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# Control Structures Engineering Notes | EduRev

## Engineering : Control Structures Engineering Notes | EduRev

``` Page 1

Lecture 7

Control Structures

In most programming languages there is the importance of readability and ease of programming
over the internal structures of controls.

1. Selection

FORTRAN IV single-way IF vs. C's (and most other languages)

Example
C: if ( warning == 1 ) FORTRAN: IF ( WARNING .NE. 1) GO TO 20
{     I = 1
I = 1;    J = 2
J = 2;   20: CONTINUE
}

Problems with nested if's
Generally the else clause in a nested if belongs to the nearest if..then clause
Consider the following statement: "if the warning is 0 then, if the counter is 0
write 'ERROR.' Otherwise, always write 'CORRECT.'"

WRONG LOGIC:    CORRECT LOGIC
if (warning == 0 )    if (warning == 0 )
if ( counter == 0 )   {
cout << "ERROR";   if (counter == 0)
else        cout << "ERROR";
cout << "CORRECT";   }
else
cout << "CORRECT";

if WARNING = 0 then    IF (WARNING .NE. 0 ) GO TO 20
if COUNTER = 0    IF (COUNTER .NE. 0 ) GO TO 30
PUT("ERROR");  PRINT *,'ERROR'
end if;     GO TO 35
else     20: PRINT *, "CORRECT"
PUT("CORRECT");   GO TO 35
end if;     30: PRINT *, "ERROR"
35: CONTINUE

2. Multi-way Selection

Page 2

Lecture 7

Control Structures

In most programming languages there is the importance of readability and ease of programming
over the internal structures of controls.

1. Selection

FORTRAN IV single-way IF vs. C's (and most other languages)

Example
C: if ( warning == 1 ) FORTRAN: IF ( WARNING .NE. 1) GO TO 20
{     I = 1
I = 1;    J = 2
J = 2;   20: CONTINUE
}

Problems with nested if's
Generally the else clause in a nested if belongs to the nearest if..then clause
Consider the following statement: "if the warning is 0 then, if the counter is 0
write 'ERROR.' Otherwise, always write 'CORRECT.'"

WRONG LOGIC:    CORRECT LOGIC
if (warning == 0 )    if (warning == 0 )
if ( counter == 0 )   {
cout << "ERROR";   if (counter == 0)
else        cout << "ERROR";
cout << "CORRECT";   }
else
cout << "CORRECT";

if WARNING = 0 then    IF (WARNING .NE. 0 ) GO TO 20
if COUNTER = 0    IF (COUNTER .NE. 0 ) GO TO 30
PUT("ERROR");  PRINT *,'ERROR'
end if;     GO TO 35
else     20: PRINT *, "CORRECT"
PUT("CORRECT");   GO TO 35
end if;     30: PRINT *, "ERROR"
35: CONTINUE

2. Multi-way Selection

Pascal:
case choice of
'A', 'a' : begin
count := count + 2
end;
'B', 'b' : begin
MultiplyResult( index1, index2 );
count := count + 5
end;
else
Writeln( 'ERROR' )
end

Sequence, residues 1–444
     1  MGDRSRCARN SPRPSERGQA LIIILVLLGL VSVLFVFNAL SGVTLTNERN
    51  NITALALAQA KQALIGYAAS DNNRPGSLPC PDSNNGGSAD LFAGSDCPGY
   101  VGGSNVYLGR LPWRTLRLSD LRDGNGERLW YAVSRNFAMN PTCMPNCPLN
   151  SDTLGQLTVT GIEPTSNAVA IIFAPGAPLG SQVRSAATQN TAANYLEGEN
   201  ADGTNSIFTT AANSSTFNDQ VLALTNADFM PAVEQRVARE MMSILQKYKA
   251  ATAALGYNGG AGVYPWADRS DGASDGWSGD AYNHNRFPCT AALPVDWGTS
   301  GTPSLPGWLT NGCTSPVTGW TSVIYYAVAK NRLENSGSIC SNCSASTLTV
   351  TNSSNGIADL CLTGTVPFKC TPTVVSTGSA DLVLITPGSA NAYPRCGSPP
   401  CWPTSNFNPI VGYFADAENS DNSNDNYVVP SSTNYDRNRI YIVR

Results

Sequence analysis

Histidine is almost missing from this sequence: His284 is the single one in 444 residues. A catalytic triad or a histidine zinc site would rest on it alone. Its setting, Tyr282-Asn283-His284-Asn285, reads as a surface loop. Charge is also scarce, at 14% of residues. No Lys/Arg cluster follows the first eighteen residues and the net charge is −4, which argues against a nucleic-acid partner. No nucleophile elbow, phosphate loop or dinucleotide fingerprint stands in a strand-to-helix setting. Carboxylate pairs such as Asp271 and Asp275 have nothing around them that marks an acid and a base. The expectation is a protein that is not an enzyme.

C:
switch (choice ) {
case 'A':
case 'a':
count += 2;
break;
case 'B':
case 'b' :
MultiplyResult( index1, index2);
count += 5;
break;
default: cout << "ERROR" << endl;
}

Operational Semantics Description
if choice = 'A'
goto Achoice;
if choice = 'a'
goto Achoice;
if choice = 'B'
goto Bchoice;
if choice = 'b'
goto Bchoice;
cout << "ERROR" << endl;
goto Out;
Achoice:
count += 2;
goto Out;
Bchoice:
MultiplyResult( index1, index2);
Page 3

Lecture 7

Control Structures

In most programming languages there is the importance of readability and ease of programming
over the internal structures of controls.

1. Selection

FORTRAN IV single-way IF vs. C's (and most other languages)

Example
C: if ( warning == 1 ) FORTRAN: IF ( WARNING .NE. 1) GO TO 20
{     I = 1
I = 1;    J = 2
J = 2;   20: CONTINUE
}

Problems with nested if's
Generally the else clause in a nested if belongs to the nearest if..then clause
Consider the following statement: "if the warning is 0 then, if the counter is 0
write 'ERROR.' Otherwise, always write 'CORRECT.'"

WRONG LOGIC:    CORRECT LOGIC
if (warning == 0 )    if (warning == 0 )
if ( counter == 0 )   {
cout << "ERROR";   if (counter == 0)
else        cout << "ERROR";
cout << "CORRECT";   }
else
cout << "CORRECT";

if WARNING = 0 then    IF (WARNING .NE. 0 ) GO TO 20
if COUNTER = 0    IF (COUNTER .NE. 0 ) GO TO 30
PUT("ERROR");  PRINT *,'ERROR'
end if;     GO TO 35
else     20: PRINT *, "CORRECT"
PUT("CORRECT");   GO TO 35
end if;     30: PRINT *, "ERROR"
35: CONTINUE

2. Multi-way Selection

Pascal:
case choice of
'A', 'a' : begin
count := count + 2
end;
'B', 'b' : begin
MultiplyResult( index1, index2 );
count := count + 5
end;
else
Writeln( 'ERROR' )
end

C:
switch (choice ) {
case 'A':
case 'a':
count += 2;
break;
case 'B':
case 'b' :
MultiplyResult( index1, index2);
count += 5;
break;
default: cout << "ERROR" << endl;
}

Operational Semantics Description
if choice = 'A'
goto Achoice;
if choice = 'a'
goto Achoice;
if choice = 'B'
goto Bchoice;
if choice = 'b'
goto Bchoice;
cout << "ERROR" << endl;
goto Out;
Achoice:
count += 2;
goto Out;
Bchoice:
MultiplyResult( index1, index2);
count += 5;
Out:

3. Iterative Statements

for statements:

Pascal's for: for variable := initial_value (to | downto ) final value do

Ada's for: for variable in [reverse] discrete_range loop
….
end loop;

C/C++/C#/Java's for:

Logically controlled loops
while, do .. while, repeat .. until, loop..end loop (with if boolean then exit and exit
when boolean)

C/C++'s "continue" and "break"

foreach in Perl, Visual Basic, and C#

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